At long last, a dubious compromise among state lawmakers may offer Colorado a way to get back on the road to improving everyone’s increasingly miserable commutes.
Funding transportation improvements has been a vexing task in Colorado for many reasons, chief among them has been Republicans’ unwillingness to ask voters for money. For years, some GOP in the House and Senate have maintained that Colorado has the money to fix and expand state roads and bridges. Democrats have said no excess funds exist.
They’re right on this one. More than all of Colorado revenues are already spoken for. Republicans who suggest otherwise have never shown any credible data nor plan that would put more money into roads without cutting it elsewhere. Putting more cash toward the state’s $9 billion shortfall would mean taking the money from either public schools or Medicaid.
Colorado already ranks among the bottom of state-spending on public schools, and that’s becoming a critical problem unto itself.
Medicaid spending is tied to Obamacare, and cuts in state spending would create a spiraling down effect in matching federal contributions, pushing even more people into a broken system that charges those costs back to paying customers. Despite what many Republicans say, it’s an irresponsible option that ultimately costs everyone.
With Republicans controlling the state Senate and Democrats running the House, years of stalemate and recession have created a very real transportation funding crisis.
Last year, state lawmakers finally agreed to a few accounting and budget shenanigans to pull together $1.9 billion, but the scheme is really nothing more than loans that must be paid back.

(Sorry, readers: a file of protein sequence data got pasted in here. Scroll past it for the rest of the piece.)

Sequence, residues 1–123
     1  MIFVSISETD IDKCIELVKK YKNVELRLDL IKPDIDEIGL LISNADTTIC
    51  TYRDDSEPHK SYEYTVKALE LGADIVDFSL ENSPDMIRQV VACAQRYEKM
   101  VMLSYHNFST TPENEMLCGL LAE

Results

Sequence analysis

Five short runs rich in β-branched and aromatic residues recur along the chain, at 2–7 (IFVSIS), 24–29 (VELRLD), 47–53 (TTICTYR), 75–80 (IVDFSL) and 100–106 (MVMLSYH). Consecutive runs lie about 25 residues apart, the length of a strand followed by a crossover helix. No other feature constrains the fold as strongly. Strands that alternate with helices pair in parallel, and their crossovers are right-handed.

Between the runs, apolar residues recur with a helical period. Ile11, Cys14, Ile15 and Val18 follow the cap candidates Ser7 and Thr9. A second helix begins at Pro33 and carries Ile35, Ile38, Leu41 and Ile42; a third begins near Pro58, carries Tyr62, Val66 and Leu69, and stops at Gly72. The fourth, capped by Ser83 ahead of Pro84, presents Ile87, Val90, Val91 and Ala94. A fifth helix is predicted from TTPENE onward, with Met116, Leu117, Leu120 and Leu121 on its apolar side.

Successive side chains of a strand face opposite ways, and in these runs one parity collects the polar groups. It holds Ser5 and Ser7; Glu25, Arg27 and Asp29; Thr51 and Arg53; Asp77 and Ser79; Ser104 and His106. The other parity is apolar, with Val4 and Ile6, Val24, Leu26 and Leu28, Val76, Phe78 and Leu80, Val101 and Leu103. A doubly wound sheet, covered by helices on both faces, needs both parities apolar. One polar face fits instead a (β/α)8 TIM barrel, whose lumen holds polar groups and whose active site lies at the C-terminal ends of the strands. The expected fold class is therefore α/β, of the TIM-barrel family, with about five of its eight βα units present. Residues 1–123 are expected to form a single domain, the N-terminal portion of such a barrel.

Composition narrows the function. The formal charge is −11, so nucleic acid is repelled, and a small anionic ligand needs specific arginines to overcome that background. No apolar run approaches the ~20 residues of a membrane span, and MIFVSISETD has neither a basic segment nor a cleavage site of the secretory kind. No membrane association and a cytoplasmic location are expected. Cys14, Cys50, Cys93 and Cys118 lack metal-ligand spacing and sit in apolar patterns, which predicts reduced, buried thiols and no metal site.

Democrats have maintained that only some kind of new taxes will keep the state solvent and create needed transportation money. Republicans have dug in, again, to stop the Legislature from asking voters for money.
With a steady stream of new residents coming to Colorado, the situation only gets worse every month.
Under these circumstances, a compromise version of Senate Bill 1 makes sense. The measure has been scaled down to funnel $250 million from existing state coffers. The state budget, as recently announced, has seen substantial growth because of the economy and population growth. It’s doable, for now, without digging deeply into existing programs.
By parlaying that annual pool of new money into loans, the state would be able to spend about $5 billion on transportation projects — half of what’s desperately needed, not wanted.
That’s a good start.
And, there’s still time to hammer out details and make them public, because the loan program wouldn’t happen unless voters approved it, even though there’s no tax increase in the program. Should the measure fail, the money would go toward transportation maintenance, in a wise effort to keep the program from leeching cash from schools and other state programs.
A recent additional compromise would delay the statewide vote until 2019, which would give citizen-led initiatives time to ask voters to raise some kind of taxes for transportation, either complimenting Senate Bill 1 or even supplanting it.
It’s not a perfect or even compelling solution. But it’s the only thing that looks like it could make it through the Legislature and onto a willing governor’s desk.
Desperate for transportation funds, this could be the state’s only chance.
No doubt a better solution would be a mixture of reasonable gas, registration, sales, hotel and over-the-road transport taxes, to ensure a revenue stream that shares the cost of transportation improvements among everyone who uses the system. Those taxes and fees, bolstered by reasonable tolls on strategic routes, such as I-70 between Denver and the ski areas, I-25 between Denver and Colorado Springs, and I-25 between Denver and Fort Collins, would allow for meaningful, sustained expansions that would substantially reduce gridlock.
Programs like that, however, will take foresight and courage this Legislature has been unable to muster. Given that, we recommend lawmakers take the sure thing and send SB1 to the governor to make it happen.